Pace out the other activities, videos, snacks over the evening. Start with more active play earlier in the evening so that there is a sense of quieting down as the activities wrap up. Children left without some direction will find things to do - - - not always a good thing. However, you don’t need to over plan either. Downtime is a positive thing as well. Keep early risers busy with quiet activities in the morning.
Set a "lights out" time. Younger children will eventually fall asleep with quiet, darker conditions. I would give them a 15 minute warning about lights out and follow up with 5 minute warning. Then I would enforce lights out. Other than a few night lights strategically placed it was dark. I’d have some quiet music in the background and set myself up with a book just outside the “sleeping” area. A few reminders to settle down were usually all it took. Older children can manage on their own but I still set a quiet time for the house. I didn’t mind preteens and teens staying up all night but it’s not fair for everyone in the house to be disturbed.
Here is a general plan that I found helpful: arrival of free play inside or out, once everyone has arrived move to an active game or outing, dinner, quieter games or projects, snack and videos, lights out and quiet time, quiet morning activity for early risers, breakfast, clean-up and goodbyes. This is often followed by nap time for those of us who needed it!
Household RulesEarly on in the evening house rules need to be presented and reviewed. Making a list of rules is a good project for you and your child to do together. As the adult you are the one to review the rules and expectations with the whole group. You are also the enforcer. Be prepared for any child who wants to push the boundaries. I found it a good idea to share the house rules with all the parents when I contacted them so there were no surprises later.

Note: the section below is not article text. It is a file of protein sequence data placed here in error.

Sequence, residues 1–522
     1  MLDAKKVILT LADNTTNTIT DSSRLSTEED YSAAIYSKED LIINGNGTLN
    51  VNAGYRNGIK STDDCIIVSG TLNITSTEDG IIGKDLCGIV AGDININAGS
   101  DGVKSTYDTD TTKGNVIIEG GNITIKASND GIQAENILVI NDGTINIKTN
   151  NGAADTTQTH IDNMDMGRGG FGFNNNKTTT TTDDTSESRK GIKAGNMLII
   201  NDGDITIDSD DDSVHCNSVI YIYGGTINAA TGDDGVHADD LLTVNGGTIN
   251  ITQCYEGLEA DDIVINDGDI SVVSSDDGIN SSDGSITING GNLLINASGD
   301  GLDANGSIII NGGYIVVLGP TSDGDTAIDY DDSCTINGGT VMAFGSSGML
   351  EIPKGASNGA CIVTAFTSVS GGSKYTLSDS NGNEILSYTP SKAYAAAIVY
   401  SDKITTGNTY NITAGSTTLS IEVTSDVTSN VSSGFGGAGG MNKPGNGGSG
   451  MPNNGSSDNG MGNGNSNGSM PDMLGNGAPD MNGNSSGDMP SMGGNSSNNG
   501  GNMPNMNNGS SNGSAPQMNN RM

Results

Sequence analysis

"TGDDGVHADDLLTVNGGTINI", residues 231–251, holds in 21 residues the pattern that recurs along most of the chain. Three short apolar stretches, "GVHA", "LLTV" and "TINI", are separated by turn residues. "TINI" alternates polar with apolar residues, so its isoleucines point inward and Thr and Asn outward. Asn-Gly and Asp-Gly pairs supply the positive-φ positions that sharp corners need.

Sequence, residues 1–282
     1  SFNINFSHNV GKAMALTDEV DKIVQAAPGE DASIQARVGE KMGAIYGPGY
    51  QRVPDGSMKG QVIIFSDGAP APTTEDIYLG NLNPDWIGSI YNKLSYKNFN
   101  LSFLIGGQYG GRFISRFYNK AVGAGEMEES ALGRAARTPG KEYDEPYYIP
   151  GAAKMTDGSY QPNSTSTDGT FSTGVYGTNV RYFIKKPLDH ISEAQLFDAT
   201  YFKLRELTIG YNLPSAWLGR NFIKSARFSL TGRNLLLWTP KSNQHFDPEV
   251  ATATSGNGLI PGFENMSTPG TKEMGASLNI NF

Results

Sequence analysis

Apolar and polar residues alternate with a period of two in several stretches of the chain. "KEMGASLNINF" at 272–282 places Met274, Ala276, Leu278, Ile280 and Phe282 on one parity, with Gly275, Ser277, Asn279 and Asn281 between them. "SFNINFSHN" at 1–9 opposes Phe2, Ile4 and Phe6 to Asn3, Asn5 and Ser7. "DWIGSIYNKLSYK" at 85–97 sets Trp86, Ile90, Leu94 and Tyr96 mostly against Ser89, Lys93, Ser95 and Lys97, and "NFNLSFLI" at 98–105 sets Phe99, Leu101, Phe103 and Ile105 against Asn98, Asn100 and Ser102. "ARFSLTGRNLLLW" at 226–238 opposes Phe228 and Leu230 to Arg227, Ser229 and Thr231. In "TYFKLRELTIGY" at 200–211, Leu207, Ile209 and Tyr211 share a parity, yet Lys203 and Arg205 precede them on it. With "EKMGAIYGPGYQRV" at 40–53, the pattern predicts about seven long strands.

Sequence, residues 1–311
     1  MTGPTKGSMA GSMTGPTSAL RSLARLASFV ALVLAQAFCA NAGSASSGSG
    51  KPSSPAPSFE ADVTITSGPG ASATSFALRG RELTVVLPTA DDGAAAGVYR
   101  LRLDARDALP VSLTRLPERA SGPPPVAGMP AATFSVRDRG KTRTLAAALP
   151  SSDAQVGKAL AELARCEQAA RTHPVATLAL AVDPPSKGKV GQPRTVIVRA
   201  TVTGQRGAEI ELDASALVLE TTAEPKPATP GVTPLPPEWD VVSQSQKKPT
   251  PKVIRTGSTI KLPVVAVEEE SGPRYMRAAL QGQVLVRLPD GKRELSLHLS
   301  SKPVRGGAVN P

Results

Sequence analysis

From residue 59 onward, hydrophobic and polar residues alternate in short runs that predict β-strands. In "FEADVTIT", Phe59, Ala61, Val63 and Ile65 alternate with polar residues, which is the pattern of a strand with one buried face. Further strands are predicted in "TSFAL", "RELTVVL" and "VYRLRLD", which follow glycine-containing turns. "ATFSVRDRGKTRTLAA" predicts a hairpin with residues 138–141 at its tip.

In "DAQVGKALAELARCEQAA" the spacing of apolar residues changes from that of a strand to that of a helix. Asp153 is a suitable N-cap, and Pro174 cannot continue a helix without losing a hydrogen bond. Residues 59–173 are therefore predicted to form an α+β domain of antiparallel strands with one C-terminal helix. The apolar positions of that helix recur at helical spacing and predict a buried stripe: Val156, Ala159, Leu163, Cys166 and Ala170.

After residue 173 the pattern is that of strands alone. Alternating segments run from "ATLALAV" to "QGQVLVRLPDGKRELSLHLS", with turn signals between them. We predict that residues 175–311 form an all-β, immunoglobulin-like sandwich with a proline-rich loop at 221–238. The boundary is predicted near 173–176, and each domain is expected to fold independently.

Difficult SituationsNot all children are ready for a sleepover and you may have those that are homesick or upset. If you can comfort and reassure them, that’s wonderful. Usually they will want to go home. Simply call the parents for pick up. I made sure that I had each child’s parent contact information and had talked with each parent personally. They knew that I’d call them if there was any issue. If a child wanted to call home just to touch base I'd certainly let them do that. Parents would sometimes call to see if everything was OK. I was happy to give them an update.
What if it is your child that is overwhelmed or frustrated? This happened to us a few times. Often taking them aside to help you in the kitchen or setting up another activity helped. They want all their friends to get along and have a good time. It’s disappointing then when one or two of them are complaining or not friendly. If I felt they had too much downtime which was causing friction then we'd switch it up for a treasure hunt or another activity – something to shake up the group dynamics.
Disagreements can happen. Do your best to let them work it out for themselves, but be ready to intervene if needed. This could be an opportunity to teach about compromise and problem solving. You may need to be the “heavy” and redirect their energy to something else or provide them with a solution.
Check in with them from time to time. Make sure everyone is ok and things are going well. Sometimes just doing this will ward off other behavior issues.
Sleepovers are a social, bonding experience for children and their peer group. Both boys and girls can benefit from these events. Hosting the event is a project but it also allows you to know your child's friends and see them in a different light.